The Stifel Logistics Confidence Index increased at its fastest pace in September, climbing 3.5 points from August to 59.2. Both the present and expected situations noted healthy gains increasing 3.2 and 3.9 points to 56.7 and 61.8 respectively.
Increasing confidence in the global economy appears to be driving these strong gains. As noted in the chart below, the present situation has improved each month since July. Meanwhile, the expected situation remains high despite a few monthly bumps this year.
Stifel Confidence Index: Total
The overall air freight logistics confidence index improved 2.9 points to 55.7. The expected situation increased 3.7 points to 58.4 while the present situation increased 2.1 points to 53.0. By trade lane, results were mixed for the present situation with the US lanes declining 2.8 from Europe and declining 0.1 to Europe. However, it was the Asia to Europe lane that drove much of the gain for the overall present situation, increasing 8.1 points to 59.6. Could this be attributed to the recent Apple iPhone 6 announcement? Rumours are that the company bought quite a bit of air cargo space, thus blocking competitors from utilizing air freight.
Still, even July air freight data indicated a good month, particularly for Asia carriers. These carriers recorded an increase of 7.1% year-over-year, the biggest since the start of 2013.
The expected situation jumped 3.7 points to 58.4. All lanes noted increases with Europe to the US noting the biggest increase of 5.5 points to 57.9.
Stifel Confidence Index: Air Freight
The overall Sea freight index increased 4.2 points to 62.7. The expected and present situations increased over 4.0 points as well. All trade lanes reported positive gains for the months. But, of all the trade lanes, Asia to Europe noted the biggest increase for both expected and present situations, 5.6 and 6.2 point gains to 69.2 and 66.5 respectively.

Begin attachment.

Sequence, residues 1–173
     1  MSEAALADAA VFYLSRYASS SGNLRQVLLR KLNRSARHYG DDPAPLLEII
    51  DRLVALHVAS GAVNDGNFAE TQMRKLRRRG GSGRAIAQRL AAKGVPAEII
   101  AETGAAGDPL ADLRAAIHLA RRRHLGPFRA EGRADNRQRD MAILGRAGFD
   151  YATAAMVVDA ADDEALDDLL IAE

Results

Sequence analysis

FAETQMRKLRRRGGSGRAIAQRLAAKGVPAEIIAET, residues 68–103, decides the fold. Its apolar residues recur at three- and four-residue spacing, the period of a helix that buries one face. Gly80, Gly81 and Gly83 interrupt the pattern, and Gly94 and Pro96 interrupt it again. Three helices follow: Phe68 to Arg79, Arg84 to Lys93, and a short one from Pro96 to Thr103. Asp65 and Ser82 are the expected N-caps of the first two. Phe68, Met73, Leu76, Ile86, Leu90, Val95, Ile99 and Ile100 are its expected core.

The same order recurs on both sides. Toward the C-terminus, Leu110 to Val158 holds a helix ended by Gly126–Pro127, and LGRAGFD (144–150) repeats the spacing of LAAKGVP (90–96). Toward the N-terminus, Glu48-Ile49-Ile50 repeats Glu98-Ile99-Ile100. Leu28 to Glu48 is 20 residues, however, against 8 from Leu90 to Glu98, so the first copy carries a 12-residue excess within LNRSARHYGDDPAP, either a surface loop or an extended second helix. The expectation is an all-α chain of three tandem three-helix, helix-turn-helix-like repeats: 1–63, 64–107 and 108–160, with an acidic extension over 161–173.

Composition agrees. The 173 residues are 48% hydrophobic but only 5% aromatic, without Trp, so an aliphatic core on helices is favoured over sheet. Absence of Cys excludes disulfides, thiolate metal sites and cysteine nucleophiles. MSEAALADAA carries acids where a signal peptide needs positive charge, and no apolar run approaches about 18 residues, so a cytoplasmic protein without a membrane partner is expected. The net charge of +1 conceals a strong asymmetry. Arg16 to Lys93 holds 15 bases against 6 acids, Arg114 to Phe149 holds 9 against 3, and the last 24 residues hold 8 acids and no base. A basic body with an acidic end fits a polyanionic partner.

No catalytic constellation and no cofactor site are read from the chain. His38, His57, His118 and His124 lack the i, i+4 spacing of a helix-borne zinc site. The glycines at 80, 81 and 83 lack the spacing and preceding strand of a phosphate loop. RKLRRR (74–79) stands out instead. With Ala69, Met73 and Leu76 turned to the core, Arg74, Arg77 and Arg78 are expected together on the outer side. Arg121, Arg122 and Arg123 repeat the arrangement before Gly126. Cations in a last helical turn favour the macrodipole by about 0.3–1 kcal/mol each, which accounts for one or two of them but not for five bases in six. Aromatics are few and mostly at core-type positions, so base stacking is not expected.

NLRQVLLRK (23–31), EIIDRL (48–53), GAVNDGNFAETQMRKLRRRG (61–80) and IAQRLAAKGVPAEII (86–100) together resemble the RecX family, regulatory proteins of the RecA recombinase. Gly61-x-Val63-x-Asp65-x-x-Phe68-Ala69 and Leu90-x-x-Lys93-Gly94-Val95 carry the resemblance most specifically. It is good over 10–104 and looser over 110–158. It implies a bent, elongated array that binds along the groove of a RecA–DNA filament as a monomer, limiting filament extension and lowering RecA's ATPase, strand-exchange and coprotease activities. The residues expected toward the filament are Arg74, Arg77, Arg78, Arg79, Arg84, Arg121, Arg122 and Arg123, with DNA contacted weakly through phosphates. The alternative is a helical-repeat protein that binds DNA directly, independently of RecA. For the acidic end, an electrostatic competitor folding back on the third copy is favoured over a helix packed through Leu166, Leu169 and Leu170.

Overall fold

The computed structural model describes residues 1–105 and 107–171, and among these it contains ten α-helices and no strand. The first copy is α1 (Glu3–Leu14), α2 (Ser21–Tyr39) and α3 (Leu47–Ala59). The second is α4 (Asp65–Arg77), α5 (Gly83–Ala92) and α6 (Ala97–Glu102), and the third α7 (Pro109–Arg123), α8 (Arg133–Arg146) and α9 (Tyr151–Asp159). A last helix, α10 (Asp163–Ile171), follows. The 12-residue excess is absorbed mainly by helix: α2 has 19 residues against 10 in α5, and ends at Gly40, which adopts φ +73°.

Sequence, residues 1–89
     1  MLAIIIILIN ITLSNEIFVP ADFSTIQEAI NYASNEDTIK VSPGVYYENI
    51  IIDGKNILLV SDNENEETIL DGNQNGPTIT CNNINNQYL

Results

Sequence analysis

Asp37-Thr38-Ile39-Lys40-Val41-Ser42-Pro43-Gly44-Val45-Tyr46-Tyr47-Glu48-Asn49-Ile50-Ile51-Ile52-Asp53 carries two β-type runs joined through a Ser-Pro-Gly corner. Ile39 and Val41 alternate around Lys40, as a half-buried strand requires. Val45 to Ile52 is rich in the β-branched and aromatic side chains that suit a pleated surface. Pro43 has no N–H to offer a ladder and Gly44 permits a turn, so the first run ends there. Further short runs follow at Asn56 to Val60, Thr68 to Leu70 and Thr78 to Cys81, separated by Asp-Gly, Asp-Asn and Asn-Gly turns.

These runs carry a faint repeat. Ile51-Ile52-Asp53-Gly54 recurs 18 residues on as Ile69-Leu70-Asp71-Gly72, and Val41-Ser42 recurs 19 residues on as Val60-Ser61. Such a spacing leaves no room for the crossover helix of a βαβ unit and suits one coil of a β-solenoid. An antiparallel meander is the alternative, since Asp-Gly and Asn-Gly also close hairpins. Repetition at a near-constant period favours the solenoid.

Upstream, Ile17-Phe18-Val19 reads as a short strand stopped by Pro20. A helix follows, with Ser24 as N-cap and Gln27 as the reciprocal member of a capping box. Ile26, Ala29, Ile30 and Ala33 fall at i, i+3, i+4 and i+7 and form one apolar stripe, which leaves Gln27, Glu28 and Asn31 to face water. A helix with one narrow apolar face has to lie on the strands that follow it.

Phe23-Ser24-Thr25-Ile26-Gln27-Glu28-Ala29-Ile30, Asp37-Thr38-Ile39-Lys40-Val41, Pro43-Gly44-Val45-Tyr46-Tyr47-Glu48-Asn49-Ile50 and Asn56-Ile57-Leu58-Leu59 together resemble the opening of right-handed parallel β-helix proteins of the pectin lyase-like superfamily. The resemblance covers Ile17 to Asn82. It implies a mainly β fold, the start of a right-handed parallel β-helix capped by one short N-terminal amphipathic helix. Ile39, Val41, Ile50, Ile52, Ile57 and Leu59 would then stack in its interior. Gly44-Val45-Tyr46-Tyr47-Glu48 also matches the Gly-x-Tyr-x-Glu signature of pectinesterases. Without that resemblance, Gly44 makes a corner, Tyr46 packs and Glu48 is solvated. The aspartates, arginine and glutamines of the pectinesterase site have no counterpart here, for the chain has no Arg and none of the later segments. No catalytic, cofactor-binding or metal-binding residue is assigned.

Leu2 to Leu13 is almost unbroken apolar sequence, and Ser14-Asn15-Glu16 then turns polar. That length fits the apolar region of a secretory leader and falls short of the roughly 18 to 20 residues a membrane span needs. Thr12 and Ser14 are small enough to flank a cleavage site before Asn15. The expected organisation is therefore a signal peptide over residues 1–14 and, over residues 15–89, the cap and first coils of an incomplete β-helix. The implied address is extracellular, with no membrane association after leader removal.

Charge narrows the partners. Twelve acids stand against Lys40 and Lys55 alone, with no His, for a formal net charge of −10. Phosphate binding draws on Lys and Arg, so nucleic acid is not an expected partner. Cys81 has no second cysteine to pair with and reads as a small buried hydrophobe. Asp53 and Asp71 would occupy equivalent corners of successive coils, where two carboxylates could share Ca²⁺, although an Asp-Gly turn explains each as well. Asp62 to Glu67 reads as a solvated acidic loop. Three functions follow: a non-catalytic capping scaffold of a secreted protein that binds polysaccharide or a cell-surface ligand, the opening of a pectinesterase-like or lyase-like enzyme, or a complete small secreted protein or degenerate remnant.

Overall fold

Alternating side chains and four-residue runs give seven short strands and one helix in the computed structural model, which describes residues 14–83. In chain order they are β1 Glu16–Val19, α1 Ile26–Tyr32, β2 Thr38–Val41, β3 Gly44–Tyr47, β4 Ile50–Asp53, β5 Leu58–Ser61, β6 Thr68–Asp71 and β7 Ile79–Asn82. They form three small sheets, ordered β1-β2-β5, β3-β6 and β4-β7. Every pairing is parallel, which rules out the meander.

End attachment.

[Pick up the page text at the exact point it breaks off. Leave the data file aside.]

Stifel Confidence Index: SeaFreight
In this month’s survey, we asked participants, “Compared with three years ago, have there been any changes in volumes on lanes with their origin/destination in Europe or the US?” The majority of participants, 46.6%, indicated there have been increases while 26.0% indicated declines. Meanwhile, 13.7% noted volumes had remained the same while 13.7% indicated they did not have operations on these lanes.
Of the comments, perhaps the most telling concerned declines in freight. One participant indicated, “Shipments with Europe as origin have decreased significantly due to the high cost of operating manufacturing in Europe.” While another participant noted, “The volumes on lanes from both Europe/US experienced three years ago was drastically decreased, compare to eight to ten years past.”
To take part in the latest Stifel Logistics Confidence Index Survey:
To download the full ‘Stifel Logistics Confidence Index – September 2014 document please use the following link:
GLOBAL SUPPLY CHAIN INTELLIGENCE (GSCi)